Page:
If there is a central axiom for visitors to the American Midwest it is avoid the peak of summer and the peak of winter. Having failed to obey the former, I endeavored to spend as much time as possible within the air conditioned premises of some of Chicago’s best eateries and wine bars. The results were an interesting mix of styles and approaches, with a consistent theme of very high prices (for a U.S. city). My trip to Chicago and Madison increased my appreciation of the Pacific Northwest, where great food and wine is in great abundance for reasonable prices in comparison to most places in North America. Nonetheless, there were a few gems in the great Midwest.
The wine highlight of Chicago was Webster’s Wine Bar in Lincoln Park- a completely unpretentious space (more like a comfy living room / bar than a chi chi wine bar) – which is an institution in Chicago, having been around since 1994. Their list was eclectic, fun, and full of wonderful surprises, including the 2001 Courbis Les Eygats Cornas I drank for around $80 and a tempting 2001 Marcel Deiss Pinot Noir. The by the glass list was also impressive and contained a few gems. My favourite was the Domaine de la Bongran Cuvee E.J. Thevenet Vire Clesse 2004, a slightly oxidative and extremely complex Macon in the savory style of Domaine Vallette rather than the puffs of cream that wine drinkers tend to associate with the region.
Telegraph Wine Bar in Logan Square, started by ex-employees of Webster’s, had an excellent list, including many interesting natural wines. In particular the 2005 cotar ‘penina crna’, karst, slovenia was an amazing dark red sparkling wine with a ton of fruit but also earth, minerals and deep savoryness on the finish. Perhaps the most exciting wine discovery of the trip. The julien frémont, réserve calvados was a revelation and one of the most intriguing spirits I’ve had. Telegraph has more of an upscale vibe to it, but the by the glass list is filled with gems and the glassware is excellent. I highly recommend attending. It also happens to be a 2 minute walk from one of the best restaurants I ate at during the trip: Longman and Eagle. This is a one star michelin pub, focusing on decadent versions of pub fare. We had Kentucky Fried Quail with foie-gras infused cornbread, deep fried soft shell crab, and porchetta steak over turnip risotto. All of the dishes were exceptional.
Other eateries included Cafe Floriole in Lincoln Park, Blackbird, Girl and a Goat in the West Loop and Purple Pig on the Mag Mile. All of these were very good, with Purple Pig standing out for its mediterranean influenced tapas, Blackbird for the best duck I’ve ever had and Girl and a Goat for its down to earth but innovative menu. Floriole has some serious baking prowess and I highly recommend it for its pastries and tarts.
Perhaps the highlight of the entire trip was cocktails at the Aviary. Despite its early 2000’s trendy yuppy decor, these cocktails set the bar for all other cocktails. Not only are they playfully theatrical (an old fashioned served with a slingshot to break the ice, a “sou vide” Rob Roy cocktail served in a plastic bag opened upon serving to release an explosion of aromas, and a raspberry infused cocktail prepared in a boiled flask before the drinker’s eyes), but they were inventive, fun and insanely delicious. Reservations are required to get in here and those are hard to come by. Drinks are also $18-$20 so budget accordingly. However, if you have any interest in the art of mixology, the Aviary is an international destination.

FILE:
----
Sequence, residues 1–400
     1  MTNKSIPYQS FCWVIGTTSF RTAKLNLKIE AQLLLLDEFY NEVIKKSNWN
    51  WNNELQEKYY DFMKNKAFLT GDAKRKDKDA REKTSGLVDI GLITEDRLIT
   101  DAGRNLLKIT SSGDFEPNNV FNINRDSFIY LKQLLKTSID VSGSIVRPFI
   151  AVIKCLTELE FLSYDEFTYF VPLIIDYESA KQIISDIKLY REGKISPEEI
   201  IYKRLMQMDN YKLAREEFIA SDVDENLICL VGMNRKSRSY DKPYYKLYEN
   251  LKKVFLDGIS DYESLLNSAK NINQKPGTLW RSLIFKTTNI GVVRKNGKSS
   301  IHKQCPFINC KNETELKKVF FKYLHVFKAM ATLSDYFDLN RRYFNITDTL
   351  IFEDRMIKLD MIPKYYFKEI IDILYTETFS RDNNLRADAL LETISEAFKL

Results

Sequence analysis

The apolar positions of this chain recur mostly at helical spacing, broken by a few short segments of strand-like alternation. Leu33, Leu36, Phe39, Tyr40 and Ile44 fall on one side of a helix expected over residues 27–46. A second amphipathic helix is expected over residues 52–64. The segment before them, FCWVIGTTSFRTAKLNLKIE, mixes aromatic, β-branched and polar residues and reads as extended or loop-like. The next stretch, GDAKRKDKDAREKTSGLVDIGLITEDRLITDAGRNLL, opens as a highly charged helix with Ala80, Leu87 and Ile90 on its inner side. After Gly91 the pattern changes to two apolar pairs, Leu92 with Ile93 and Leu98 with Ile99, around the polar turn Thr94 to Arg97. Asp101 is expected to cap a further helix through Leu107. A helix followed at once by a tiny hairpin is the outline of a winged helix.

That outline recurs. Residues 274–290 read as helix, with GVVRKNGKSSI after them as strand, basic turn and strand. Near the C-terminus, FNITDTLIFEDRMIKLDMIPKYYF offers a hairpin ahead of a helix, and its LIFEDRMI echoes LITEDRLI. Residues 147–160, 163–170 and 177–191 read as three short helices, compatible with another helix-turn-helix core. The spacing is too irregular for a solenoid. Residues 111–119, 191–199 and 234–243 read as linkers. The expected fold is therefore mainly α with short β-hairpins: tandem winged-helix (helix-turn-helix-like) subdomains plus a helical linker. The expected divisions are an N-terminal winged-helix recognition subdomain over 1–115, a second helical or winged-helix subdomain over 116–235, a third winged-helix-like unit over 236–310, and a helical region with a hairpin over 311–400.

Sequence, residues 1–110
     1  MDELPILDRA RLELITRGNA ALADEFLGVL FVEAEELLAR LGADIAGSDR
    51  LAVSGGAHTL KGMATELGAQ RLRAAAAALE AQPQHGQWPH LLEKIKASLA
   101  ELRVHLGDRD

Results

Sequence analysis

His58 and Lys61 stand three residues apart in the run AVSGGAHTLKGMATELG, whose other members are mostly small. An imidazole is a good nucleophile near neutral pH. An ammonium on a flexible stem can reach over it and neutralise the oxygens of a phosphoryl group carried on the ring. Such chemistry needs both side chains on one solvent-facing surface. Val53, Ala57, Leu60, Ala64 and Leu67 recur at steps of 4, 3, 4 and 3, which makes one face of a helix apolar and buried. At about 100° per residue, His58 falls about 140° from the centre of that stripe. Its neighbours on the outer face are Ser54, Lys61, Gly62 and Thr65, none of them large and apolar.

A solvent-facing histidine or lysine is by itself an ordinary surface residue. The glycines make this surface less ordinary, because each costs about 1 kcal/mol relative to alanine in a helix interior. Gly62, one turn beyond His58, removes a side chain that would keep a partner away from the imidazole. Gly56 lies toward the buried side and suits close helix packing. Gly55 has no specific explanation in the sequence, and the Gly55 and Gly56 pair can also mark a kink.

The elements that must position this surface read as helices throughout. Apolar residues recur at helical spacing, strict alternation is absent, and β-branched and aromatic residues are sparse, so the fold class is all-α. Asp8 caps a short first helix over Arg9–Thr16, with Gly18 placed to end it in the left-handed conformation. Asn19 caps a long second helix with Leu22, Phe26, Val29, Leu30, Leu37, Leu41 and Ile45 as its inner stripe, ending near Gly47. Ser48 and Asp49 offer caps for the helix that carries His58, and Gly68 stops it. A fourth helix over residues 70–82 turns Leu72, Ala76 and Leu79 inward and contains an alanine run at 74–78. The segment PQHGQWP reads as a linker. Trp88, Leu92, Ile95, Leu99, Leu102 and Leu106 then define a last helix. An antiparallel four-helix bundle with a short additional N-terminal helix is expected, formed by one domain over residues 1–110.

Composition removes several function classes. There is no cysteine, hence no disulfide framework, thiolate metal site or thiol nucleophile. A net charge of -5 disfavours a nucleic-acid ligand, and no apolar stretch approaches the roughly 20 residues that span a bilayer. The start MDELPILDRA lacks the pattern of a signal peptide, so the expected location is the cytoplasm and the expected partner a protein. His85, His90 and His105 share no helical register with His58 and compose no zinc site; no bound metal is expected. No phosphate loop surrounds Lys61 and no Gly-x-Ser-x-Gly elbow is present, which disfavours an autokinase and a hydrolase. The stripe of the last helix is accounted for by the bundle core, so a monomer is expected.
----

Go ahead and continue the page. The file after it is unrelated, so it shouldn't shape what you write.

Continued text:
On to Madison
Madison is dairy town. I ate more dairy in my 3 days in Madison than I would in 3 months in Vancouver. If you are ever in town, Fromagination is a must see cheese shop, with a great selection of fantastic local cheeses and amazing ice creams. Another essential for Madison is deep fried cheese curds. The curds at Graze were fantastic, albeit after eating a basket of 30 curds you may question your body’s capacity for saturated fat.
I was in Madison visiting a close friend. One of our traditions is to share beer we have been collecting and cellaring. He has an advantage living in the U.S. and so on this trip I tried some of the rarest beers in the Midwest, including Surly’s Darkness, the Founder’s Nemesis (bourbon barrel aged wheat wine), and New Glarus Reserve Series Saison. While Surly’s darkness disappointed being overly sweet, the “Plead the 5th” Imperial Stout from Dark Horse Brewing Company was one of the best stouts I’ve had and the Nemesis was an ideal example of how to build a barrel aged beer for long term cellaring. I also highly recommend the Ale Asylum Bedlam – a locally brewed belgian IPA that is focused entirely on explosive tropical and floral aromatics rather than the bitterness of hops. More IPAs need to be like this.
We finished our visit with a stop at the Old Sugar Distillery, which makes some excellent well-priced local spirits (and cocktails to show them off), including a dry rum, ouzo, an interesting sorghum whisky and, my favourite, the honey liqueur. The idea of an urban artisanal local distillery is a great one and is becoming more and more popular. I think Vancouver is ripe for a copycat.
The Midwest is a fun place to visit – just don’t do it in the middle of summer. In terms of food, it is clear that there is a huge variety of excellent quality ingredients available for chefs to play with. In particular, the produce in Madison and around Chicago is excellent, which provides a solid ingredient base for most dishes. Chicago is also clearly a foodie city. However, I found it to be expensive compared to the best of the Pacific Northwest and you will be hard pressed to find better food and wine deals than in Portland. Chicago, however, has something for everyone and a huge range of styles and experimentation. It would take quite some time to eat through the city – one that is alive with art and innovation and well-worth multiple visits.